Nor is the treatment of China and Russia any different from that of smaller countries. Egypt responded to US democratization exhortations by throwing reformists into jail and extending the emergency laws for two years all without losing a penny of the over $2bl US aid. Assad of Syria not only continues to meddle Lebanese affairs but is part of the Iranian axis. Hamas said no recognition of Israel and no end to the violence against her and were"punished" with getting additional funds from the US. The Iranians are similarly awaiting the carrot package their"smart" president is about to secure for them. South Korea just announced its intention to provide North Korea with "unconditional aid." Last but not least, the much heralded UN reform turned out to be a joke. Lacking membership standards the following countries were elected to the New Human Rights Commission includes Cuba, China, Russia, Pakistan, Azerbaijan and Saudi Arabia. I have heard nothing about withholding American dues.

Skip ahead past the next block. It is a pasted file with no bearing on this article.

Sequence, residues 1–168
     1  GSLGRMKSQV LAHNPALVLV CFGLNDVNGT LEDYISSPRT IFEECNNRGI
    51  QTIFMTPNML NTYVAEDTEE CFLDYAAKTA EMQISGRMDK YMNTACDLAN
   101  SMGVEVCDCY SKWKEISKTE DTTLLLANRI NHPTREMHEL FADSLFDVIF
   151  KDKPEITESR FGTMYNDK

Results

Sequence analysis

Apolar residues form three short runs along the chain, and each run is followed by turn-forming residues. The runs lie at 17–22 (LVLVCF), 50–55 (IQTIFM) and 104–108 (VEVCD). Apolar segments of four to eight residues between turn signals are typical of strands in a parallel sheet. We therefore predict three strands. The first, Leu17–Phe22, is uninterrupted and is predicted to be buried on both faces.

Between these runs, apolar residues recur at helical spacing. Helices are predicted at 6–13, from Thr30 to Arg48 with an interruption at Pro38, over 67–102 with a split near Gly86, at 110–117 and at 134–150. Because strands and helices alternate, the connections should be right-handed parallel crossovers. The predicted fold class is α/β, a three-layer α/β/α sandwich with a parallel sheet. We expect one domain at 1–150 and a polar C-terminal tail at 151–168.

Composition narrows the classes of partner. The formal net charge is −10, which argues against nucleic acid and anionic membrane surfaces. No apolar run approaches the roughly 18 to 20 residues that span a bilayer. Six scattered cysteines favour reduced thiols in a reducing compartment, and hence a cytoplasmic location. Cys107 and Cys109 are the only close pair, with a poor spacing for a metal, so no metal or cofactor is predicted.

It is a small wonder that Tom Friedman reports a significant change in foreign attitude towards the US:
Not only are others becoming more assertive: the U.S. has become less intimidating. With Americans bleeding in Iraq, with George Bush hugely unpopular in Europe, and with the U.S. two-party system so warped it can't even respond to a crisis like energy, America is not as feared as it was.
"In 2002 and 2003 everyone was talking about the American 'Hyperpower,'" said Eric Frey, editor of the Austrian daily Der Standard."No one these days is talking about overwhelming American power, and that has even added to the anti-Americanism. Because before you had resentment and respect, and now you have resentment and scorn."